Choose Maximum Of 60 credits from the following Modules: NOTE : Select enough optional modules to make your total credits up to 120 credits for the whole yer (after your compulsory modules).
Students may take 20 credits of Languages for All modules.
You’ll gain a useful attention to detail along with ways and means to approach the unfamiliar with confidence.
Our Classical Civilisation graduates enter careers in a wide variety of sectors including: In your first year you will typically explore Greek history and society, Greek and Latin language and Greek mythology.
To enrol in a TB2 Latin or Greek module, you must enrol in a corresponding TB1 module.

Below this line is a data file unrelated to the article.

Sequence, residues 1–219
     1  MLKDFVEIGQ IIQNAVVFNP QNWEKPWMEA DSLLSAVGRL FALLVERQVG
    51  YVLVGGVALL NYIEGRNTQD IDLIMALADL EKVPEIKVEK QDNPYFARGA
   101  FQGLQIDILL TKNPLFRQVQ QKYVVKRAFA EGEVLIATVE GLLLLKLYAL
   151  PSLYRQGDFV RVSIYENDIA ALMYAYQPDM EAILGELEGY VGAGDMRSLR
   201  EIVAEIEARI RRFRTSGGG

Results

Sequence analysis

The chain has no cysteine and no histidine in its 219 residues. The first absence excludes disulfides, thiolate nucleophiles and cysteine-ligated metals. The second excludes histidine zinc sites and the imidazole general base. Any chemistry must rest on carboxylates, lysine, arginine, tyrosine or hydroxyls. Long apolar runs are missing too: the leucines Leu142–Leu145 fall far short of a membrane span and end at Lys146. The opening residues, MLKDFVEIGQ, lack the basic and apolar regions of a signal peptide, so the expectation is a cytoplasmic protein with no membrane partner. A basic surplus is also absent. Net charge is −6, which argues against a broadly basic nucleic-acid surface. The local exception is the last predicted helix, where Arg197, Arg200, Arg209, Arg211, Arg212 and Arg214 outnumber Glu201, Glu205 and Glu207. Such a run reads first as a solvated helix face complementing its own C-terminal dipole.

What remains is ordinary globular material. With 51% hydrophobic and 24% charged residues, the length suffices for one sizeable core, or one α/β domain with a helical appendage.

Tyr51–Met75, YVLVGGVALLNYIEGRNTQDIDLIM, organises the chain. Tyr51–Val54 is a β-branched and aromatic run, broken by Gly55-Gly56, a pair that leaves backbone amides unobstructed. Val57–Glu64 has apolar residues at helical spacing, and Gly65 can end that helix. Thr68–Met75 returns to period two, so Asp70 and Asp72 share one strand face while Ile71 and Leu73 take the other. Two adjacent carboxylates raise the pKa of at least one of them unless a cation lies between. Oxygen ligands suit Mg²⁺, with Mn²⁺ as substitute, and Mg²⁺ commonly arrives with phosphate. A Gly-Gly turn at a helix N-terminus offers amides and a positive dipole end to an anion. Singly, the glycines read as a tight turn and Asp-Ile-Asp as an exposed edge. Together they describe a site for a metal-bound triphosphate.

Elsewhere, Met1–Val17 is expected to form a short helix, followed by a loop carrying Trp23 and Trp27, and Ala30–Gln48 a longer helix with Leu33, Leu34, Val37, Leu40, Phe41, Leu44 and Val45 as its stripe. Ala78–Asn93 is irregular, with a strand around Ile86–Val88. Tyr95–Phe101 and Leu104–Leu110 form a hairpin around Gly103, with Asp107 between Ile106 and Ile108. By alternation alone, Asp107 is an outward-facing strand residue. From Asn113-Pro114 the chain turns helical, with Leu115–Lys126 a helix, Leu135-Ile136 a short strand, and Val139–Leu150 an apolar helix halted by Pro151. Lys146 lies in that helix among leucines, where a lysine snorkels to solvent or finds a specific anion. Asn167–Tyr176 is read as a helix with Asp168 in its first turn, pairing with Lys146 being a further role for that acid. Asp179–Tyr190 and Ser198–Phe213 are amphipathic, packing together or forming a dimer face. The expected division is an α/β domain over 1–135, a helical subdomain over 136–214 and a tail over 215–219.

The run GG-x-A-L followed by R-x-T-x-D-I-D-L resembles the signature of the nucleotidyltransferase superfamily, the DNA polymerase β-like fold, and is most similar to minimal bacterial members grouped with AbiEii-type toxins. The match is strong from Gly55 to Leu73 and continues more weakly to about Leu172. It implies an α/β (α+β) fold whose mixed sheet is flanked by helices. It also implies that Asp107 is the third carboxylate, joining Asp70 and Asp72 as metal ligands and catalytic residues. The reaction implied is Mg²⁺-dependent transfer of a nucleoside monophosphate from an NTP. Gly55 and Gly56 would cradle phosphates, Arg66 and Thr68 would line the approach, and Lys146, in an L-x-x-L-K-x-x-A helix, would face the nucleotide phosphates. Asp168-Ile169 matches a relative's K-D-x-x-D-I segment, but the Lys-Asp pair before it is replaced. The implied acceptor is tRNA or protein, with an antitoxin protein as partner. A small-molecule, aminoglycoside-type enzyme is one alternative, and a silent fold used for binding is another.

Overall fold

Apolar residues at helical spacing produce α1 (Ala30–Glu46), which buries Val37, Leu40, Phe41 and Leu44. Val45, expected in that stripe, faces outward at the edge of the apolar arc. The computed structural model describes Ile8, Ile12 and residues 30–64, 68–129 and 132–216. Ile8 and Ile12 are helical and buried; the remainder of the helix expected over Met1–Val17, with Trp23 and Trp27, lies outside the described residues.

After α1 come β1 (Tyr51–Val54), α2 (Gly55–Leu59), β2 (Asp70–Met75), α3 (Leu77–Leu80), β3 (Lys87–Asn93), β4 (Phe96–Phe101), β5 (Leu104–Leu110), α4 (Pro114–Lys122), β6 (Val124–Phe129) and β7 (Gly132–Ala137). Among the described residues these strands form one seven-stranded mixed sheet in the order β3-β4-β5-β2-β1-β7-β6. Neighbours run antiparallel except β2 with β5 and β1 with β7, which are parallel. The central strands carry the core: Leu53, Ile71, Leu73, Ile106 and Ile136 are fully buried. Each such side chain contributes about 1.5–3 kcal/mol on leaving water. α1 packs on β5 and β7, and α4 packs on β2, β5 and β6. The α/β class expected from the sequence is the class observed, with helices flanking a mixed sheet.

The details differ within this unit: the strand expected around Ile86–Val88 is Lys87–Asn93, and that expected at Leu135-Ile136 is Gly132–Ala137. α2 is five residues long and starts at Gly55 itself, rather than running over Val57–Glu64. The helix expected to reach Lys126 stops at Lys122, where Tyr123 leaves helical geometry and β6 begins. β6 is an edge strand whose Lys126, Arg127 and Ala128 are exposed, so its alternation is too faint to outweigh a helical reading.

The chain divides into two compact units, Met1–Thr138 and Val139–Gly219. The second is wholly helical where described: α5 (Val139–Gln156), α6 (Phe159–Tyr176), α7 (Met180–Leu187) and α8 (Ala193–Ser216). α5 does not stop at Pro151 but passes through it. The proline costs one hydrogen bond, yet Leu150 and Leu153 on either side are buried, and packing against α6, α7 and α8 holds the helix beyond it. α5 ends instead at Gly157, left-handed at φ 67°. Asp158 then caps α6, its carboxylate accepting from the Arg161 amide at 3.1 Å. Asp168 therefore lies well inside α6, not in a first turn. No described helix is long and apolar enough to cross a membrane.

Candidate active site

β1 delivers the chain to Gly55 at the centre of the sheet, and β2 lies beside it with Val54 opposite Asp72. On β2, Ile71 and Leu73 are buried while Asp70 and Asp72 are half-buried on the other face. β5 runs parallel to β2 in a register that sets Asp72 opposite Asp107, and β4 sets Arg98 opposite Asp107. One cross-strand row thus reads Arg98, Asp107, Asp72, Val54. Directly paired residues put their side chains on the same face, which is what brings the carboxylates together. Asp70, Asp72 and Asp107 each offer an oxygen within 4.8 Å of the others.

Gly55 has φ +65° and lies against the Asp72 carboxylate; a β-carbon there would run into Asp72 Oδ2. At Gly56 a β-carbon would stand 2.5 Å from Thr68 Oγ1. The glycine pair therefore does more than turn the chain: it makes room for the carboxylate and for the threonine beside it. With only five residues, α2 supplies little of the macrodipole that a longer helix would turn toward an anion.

Student should not take modules more than one beginning ancient language in the year.Your early studies will introduce you to ancient philosophy and rhetoric, ancient art and architecture.You will then choose your pathway with modules to suit your own interests, before focusing in depth on your final research project to produce your final dissertation.Choose Minimum Of 20 credits from the following Modules: NOTE : YOU MUST CHOOSE AT LEAST ONE OF THE FOLLOWING MODULES.To enrol in a TB2 Latin or Greek module, you MUST enrol in the corresponding TB1 module.You’ll also have the chance to explore Greek and Roman history and society, architecture and archaeology, warfare and empire, gender, religion, politics and economics—or learn about ancient Egypt. The feel for the creativity of ancient authors and flair for in-depth analysis which we hope to inspire in you will set you apart in the eyes of employers.Your development of skills in analysing form, content, and context, in synthesising complex information, and in producing clear and logical arguments, both orally and in writing, will stand you in good stead in your future careers.We teach several of these classes to second- and third-year students alike, with different assessments for each year group, to enable student progression over the course of the degree.Swansea is an established centre for the study of narrative, especially the ancient novel, under the auspices of our research group KYKNOS.And you could start learning some Latin or ancient Greek as a way to get a greater appreciation for the original authors’ use of language.In your second year, you’ll do a methodological course in how to perform what we call ‘close reading’ or ‘practical criticism’, and we have a range of text-based modules, arranged according to genre, which mirror the texts which the academic staff research and work on—these include Homer, the various ancient novels, Latin elegy, Roman verse satire, Platonic philosophy, and tragedy.